This article focuses on Medication For Hypothyroidism: Tips & Supplements
Hypothyroidism symptoms can differ from person to person. And they frequently resemble symptoms of other health issues. As a result, a diagnosis of hypothyroidism does not rely solely on symptoms. It is usually determined by the results of blood tests.
The first blood test used to diagnose hypothyroidism measures thyroid-stimulating hormone (TSH) levels in the blood. If it is too high, the test is repeated, as is a blood test for the thyroid hormone T-4. The diagnosis is hypothyroidism if the TSH level is high and the T-4 level is low. In some cases, the thyroid hormone T-3 may be measured as well.
If the second test shows high TSH but T-4 and T-3 are in the standard range, then the diagnosis is subclinical hypothyroidism. It usually doesn’t cause any noticeable symptoms.
TSH tests are also crucial in the long-term management of hypothyroidism. They assist your doctor in determining and maintaining the appropriate medication dosage for you.
The results of these blood tests can be affected by some medicines or supplements. This includes biotin, a vitamin that can be taken alone or as part of a multivitamin. Inform your doctor about any medications or supplements you are taking before having blood tests.
Understanding the Causes of Hypothyroidism
Your thyroid is a butterfly-shaped gland located at the base of your neck that regulates many of your body’s metabolic processes. Hypothyroidism (or low thyroid) occurs when the thyroid gland does not produce enough thyroid hormones, such as triiodothyronine (T3) and thyroxine (T4).
While there is no single cause of hypothyroidism, Hashimoto’s thyroiditis (also known as Hashimoto’s hypothyroidism), an autoimmune disease likely caused by genetics, is the leading cause of the majority of cases.
Because there is no cure for hypothyroidism, you will need to take medication for the rest of your life to feel better and reduce the risk of complications such as heart disease. Many people, however, are relieved to learn that once they and their doctors determine the best type and dosage of medication for them, many of the most distressing hypothyroidism symptoms, such as fatigue, high cholesterol, and weight gain, may be reversed.
Hypothyroidism Treatments to Consider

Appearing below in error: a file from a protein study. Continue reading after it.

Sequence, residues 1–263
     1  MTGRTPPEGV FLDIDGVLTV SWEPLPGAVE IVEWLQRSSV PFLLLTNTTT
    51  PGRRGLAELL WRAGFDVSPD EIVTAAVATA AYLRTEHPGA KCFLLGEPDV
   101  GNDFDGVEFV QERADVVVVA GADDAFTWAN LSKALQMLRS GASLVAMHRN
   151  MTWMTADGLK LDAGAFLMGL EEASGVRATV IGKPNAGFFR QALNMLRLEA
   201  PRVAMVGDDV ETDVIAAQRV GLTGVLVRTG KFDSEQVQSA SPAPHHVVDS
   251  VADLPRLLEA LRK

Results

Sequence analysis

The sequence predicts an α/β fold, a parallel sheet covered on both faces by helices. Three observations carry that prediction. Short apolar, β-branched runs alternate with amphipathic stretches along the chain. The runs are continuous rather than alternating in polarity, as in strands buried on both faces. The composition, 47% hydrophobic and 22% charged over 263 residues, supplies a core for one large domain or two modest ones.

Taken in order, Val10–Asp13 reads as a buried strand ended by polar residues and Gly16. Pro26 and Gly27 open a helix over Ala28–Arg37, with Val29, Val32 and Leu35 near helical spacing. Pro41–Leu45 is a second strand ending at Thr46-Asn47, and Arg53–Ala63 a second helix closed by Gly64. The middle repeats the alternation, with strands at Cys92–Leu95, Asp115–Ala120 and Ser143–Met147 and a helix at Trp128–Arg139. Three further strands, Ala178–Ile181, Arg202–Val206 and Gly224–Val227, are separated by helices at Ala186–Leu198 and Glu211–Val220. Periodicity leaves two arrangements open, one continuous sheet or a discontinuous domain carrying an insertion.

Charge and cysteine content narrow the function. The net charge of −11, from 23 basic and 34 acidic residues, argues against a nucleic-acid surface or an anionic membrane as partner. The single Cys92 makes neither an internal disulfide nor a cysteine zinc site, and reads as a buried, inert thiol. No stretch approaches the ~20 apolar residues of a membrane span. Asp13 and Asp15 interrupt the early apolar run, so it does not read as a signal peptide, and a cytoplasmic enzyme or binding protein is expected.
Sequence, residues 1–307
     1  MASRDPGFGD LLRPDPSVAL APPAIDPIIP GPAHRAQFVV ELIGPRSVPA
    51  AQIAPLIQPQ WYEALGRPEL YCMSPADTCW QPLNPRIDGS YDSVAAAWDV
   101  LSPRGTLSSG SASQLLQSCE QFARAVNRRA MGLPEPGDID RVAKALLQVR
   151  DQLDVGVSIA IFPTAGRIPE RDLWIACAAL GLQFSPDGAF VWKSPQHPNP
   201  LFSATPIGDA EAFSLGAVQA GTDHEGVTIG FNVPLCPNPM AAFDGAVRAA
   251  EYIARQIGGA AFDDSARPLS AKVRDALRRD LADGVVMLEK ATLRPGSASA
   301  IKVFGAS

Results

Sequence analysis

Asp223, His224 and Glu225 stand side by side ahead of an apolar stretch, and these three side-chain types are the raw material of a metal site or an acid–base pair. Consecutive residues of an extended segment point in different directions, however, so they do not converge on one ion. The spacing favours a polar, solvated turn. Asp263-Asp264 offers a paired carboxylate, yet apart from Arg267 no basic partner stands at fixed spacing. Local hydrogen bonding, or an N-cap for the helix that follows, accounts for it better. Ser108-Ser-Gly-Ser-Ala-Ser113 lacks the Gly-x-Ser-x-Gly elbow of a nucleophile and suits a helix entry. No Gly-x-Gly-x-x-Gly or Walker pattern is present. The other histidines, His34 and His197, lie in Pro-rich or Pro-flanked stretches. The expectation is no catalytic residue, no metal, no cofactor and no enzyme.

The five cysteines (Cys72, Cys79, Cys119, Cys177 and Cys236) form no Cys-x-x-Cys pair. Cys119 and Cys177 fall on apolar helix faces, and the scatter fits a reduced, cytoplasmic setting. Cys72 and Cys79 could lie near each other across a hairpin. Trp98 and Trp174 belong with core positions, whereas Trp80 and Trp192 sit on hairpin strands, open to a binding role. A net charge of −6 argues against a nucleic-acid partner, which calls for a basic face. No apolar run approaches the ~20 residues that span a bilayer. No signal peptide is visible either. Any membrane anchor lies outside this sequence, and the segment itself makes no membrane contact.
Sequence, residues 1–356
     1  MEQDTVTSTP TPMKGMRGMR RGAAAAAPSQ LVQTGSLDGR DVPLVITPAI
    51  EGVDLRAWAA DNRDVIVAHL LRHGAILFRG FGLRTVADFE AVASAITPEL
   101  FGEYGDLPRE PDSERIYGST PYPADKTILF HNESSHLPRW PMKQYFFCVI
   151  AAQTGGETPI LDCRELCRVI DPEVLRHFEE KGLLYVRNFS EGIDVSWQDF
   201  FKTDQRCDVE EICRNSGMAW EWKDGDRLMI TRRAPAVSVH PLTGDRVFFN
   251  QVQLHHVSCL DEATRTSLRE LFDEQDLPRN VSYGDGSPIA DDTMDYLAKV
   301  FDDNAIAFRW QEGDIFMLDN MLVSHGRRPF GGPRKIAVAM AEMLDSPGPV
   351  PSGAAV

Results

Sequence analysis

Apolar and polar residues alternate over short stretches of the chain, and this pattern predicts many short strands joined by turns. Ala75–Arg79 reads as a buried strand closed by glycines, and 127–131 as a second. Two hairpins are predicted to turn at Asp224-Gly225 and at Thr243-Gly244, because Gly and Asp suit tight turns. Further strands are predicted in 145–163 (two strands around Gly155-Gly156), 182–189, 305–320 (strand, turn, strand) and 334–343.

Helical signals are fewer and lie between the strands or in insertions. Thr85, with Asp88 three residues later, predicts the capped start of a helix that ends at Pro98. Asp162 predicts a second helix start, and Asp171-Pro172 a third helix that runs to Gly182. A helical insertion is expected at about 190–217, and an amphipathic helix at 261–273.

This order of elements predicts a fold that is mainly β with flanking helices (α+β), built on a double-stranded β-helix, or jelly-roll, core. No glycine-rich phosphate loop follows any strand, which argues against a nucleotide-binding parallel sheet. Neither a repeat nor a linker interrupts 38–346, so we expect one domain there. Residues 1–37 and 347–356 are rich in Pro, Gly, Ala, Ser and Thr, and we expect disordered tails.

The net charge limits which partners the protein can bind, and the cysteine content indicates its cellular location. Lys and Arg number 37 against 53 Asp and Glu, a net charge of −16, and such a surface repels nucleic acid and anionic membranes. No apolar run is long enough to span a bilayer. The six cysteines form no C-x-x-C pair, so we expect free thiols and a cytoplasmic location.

- Synthetic T4 Hormones to Replace Insufficient Thyroid Hormones
Thyroid hormone replacement therapy is the most commonly used treatment for hypothyroidism, and synthetic T4 medication is the most effective. While these hormones are identical to the natural T4 that the thyroid makes, several factors can affect the exact dosage you need. Synthetic T4 is available as a prescription medication called levothyroxine, which is marketed under the brand names Levothroid and Synthroid. Every day, on an empty stomach, you must take synthetic thyroxine. Allow at least 30 minutes before eating or drinking anything (with the exception of water). Skipping doses can throw your thyroid out of whack. If you miss a dose, make sure to take it the following day on your regular schedule. Don’t double your dose by taking two pills at once, as this can cause your levels to skyrocket.
- Combination Medications with Synthetic T3 and T4 Hormones
Combination medications containing both synthetic T4 and T3 hormones are also available on the market, but they are not usually recommended. For one thing, most patients’ conditions improve with synthetic T4 alone due to the thyroid’s ability to convert these hormones to T3 when needed. In some cases, your doctor may advise you to take liothyronine (Cytomel) in addition to levothyroxine.
- Subclinical hypothyroidism
If you are diagnosed with subclinical hypothyroidism, talk about treatment with your healthcare provider. Thyroid hormone medication may be ineffective for a mild increase in TSH. Thyroid hormones may help some symptoms if your TSH level is higher but still in the subclinical range.
Treating Hypothyroidism Naturally and Safely
- Some patients choose to supplement their treatment with alternative therapies, often to help with symptoms like fatigue, weight gain, stress, and mental fog. Yoga, meditation, hypnosis, vitamins, and special diets are some of the treatments available.
- One small study of 20 female patients with hypothyroidism found that yoga did help patients manage their disease symptoms.
- While patients with thyroid disease are often advised to eat a low-iodine diet (which can worsen hypothyroidism) or to take vitamin D or calcium supplements, no diet or nutrient can cure thyroid disease.